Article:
Beneath it all, Brendan’s bass and Ciaran’s percussion put in the hard slog, while those guitars and added, somewhat sumptuous horns battle it out.
The brass puts me in mind of TPE’s Genius Move, and there’s a Buzzcocks bite too, as this four-piece start Moving Away From The Pulsebeat.
Either way, we invoke the spirit of Eno and Mackay as we call by at Roxy Road, and because this is The Yeah, it’s inevitable that we get a tilt at ‘woo-hoo’ harmonies and a little Sympathy for the Derail before we steam on.
We’ve had some mighty train songs in our time, heading right back to the Chattanooga Choo Choo, Mystery Train, Night Train, This Train, People Get Ready and Last of the Steam Powered Trains, to name but a few. But a new arrival is always welcomed.
Still our destination is unknown, but the journey itself is where it’s at, and we reach a new high with the reflective, somewhat mellow Everything’s Beautiful, this time with Ciaran taking centre-stage.
There are hints of Arthur Lee and Brian Wilson on this heart-tugging ‘60s-tinged nostalgic summer canvas, one which also brings to mind XTC at their most dream-like.
And again I’m pleasantly surprised by the quality of the vocal. We’ve been aware for some years of Ciaran’s songsmithery, but it appears that here’s another unsung band member with a fine voice on him too.
After that brief lull in the proceedings, we’re soon back on board, and there’s more a Ramones than a Beach Boys vibe to Raymond and Ciaran’s shared vocals on All Around the World, a fitting tribute to another prime influence.
Furthermore, we get plenty of under-pinning Undertones guitar, bringing to mind Let’s Talk about Girls in places, before that trademark stirring communal singing sees us on to our finale.
Closing track The Grind‘s choo-choo intro suggests were taking that damn train again, but this time perhaps it’s the freedom express.
At around four minutes in, I note that Ciaran’s still hammering away back there, casting out those demons, his driving force taking us through at least least three phases of an epic track.
Along the way we get everything from those duelling guitars – with Thames Delta r’n’b as well as Stateside rock and that earlier glam flourish.
Some might feel TPE were ultimately injured by their early political over-play, but while the emphasis is on the music now, their finale offers a no holds barred damning of our current 21st century corrosion. And it certainly works.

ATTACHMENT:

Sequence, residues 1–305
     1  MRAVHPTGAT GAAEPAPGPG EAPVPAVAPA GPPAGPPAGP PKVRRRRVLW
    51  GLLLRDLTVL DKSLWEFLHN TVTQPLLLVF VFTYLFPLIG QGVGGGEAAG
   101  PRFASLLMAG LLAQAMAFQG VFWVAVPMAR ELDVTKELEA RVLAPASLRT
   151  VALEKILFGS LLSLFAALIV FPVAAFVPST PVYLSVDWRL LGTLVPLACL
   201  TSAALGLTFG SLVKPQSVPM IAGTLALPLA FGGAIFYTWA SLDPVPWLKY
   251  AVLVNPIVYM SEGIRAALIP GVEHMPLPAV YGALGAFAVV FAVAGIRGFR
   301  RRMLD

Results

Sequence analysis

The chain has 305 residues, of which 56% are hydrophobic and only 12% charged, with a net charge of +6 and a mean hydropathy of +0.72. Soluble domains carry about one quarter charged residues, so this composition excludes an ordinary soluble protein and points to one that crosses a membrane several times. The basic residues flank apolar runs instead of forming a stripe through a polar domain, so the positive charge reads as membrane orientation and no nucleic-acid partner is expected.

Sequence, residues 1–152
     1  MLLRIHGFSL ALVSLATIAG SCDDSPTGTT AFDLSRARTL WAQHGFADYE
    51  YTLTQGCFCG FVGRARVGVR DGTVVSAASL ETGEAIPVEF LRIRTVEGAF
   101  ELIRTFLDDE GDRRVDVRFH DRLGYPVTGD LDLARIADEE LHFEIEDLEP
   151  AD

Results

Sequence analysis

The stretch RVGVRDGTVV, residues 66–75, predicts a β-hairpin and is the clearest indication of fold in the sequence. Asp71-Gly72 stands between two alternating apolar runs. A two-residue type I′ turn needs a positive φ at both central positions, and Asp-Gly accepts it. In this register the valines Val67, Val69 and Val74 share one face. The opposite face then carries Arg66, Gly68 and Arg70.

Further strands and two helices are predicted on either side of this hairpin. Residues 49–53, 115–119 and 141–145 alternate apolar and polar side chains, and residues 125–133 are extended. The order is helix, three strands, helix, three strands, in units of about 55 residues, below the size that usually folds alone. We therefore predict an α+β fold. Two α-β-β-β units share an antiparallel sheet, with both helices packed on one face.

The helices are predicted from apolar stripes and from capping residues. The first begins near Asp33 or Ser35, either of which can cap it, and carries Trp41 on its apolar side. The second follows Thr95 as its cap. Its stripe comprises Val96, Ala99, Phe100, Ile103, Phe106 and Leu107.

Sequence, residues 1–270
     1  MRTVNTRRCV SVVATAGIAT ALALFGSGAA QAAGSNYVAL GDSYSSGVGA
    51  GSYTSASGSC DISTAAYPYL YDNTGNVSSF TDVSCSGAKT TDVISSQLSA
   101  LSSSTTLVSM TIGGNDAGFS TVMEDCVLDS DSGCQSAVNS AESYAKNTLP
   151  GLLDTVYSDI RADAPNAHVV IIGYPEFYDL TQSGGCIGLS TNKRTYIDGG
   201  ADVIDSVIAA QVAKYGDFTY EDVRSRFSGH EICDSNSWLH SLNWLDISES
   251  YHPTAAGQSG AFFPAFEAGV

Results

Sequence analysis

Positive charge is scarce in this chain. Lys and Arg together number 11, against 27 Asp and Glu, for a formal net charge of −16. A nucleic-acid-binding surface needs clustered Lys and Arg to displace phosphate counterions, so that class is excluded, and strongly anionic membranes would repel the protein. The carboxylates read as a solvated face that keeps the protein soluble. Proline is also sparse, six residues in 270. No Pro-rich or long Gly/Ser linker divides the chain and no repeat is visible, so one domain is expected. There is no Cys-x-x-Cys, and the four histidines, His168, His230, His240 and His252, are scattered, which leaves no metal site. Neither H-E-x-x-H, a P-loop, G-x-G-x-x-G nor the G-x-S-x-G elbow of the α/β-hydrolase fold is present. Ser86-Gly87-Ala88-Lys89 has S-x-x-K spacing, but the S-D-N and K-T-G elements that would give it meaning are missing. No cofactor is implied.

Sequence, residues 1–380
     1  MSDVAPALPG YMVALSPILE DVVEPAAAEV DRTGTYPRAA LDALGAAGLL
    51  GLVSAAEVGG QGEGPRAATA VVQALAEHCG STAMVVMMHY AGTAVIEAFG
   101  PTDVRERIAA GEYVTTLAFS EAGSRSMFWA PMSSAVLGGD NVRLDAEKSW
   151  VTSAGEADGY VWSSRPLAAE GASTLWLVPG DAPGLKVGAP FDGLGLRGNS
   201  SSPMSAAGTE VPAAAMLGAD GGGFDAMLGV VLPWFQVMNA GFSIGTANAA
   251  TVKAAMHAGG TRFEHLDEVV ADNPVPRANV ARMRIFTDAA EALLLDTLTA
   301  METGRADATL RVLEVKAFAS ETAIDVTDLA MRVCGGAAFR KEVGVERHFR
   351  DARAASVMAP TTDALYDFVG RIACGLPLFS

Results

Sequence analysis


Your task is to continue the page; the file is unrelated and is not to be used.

It’s also a song of hope shining through that frustration though, and a positive sign-posting of what’s ahead.
At eight minutes, we’re still not done, and there’s clearly still more in the Yeah tank, a brief lull and reflective moment leading to that decisive break for the finish line, with elements of Paul Weller’s Dragonfly before we finally express our Anima Rising.
I’ve always advocated the joy of sub-three and four-minute pop, but somehow The Yeah seem to stand that premise on its head and get away with it – and in style.
What’s next for this refreshing and truly-inspiring outfit? Well, let’s just hope this is just a compelling opening chapter to a mighty adventure story.
Here’s proof, by the gallon, that there’s still life in the rock’n’roll model after all these years, even if this quartet might not be fresh-faced lads with a whole load of growing up in public ahead of them.
This is a combo that has proved you really can peel back the years if you have the right creative and emotional drive.
I know I’ve over-done the hyperbole, with too many motive power analogies for starters. And come to think of it, I hardly even get started on a Jungian perspective in honour of the album title.
But this is a transport of delight, and one designed to overcome life’s Grind in so many ways.
Gorman, Kelly, McLaughlin, O’Neill – take a bow. You’ve earned it, fellas, and Anima Rising was well worth the wait.
This blog will be featuring a brand new feature and interview with Damian O’Neill this coming week, so keep your eyes peeled.
For the first part of a writewyattuk three-part interview with Raymond Gorman, published back in August, head here, then move on to the next manic pop thrilling instalments here then here.
Meanwhile, The Everlasting Yeah make their Scottish live debut at the Stereo Café Bar in Glasgow on Thursday, November 27th. For more information, head here.
And for more news on The Everlasting Yeah and how to get a copy of Anima Rising, check out their Facebook page here or via email@example.com.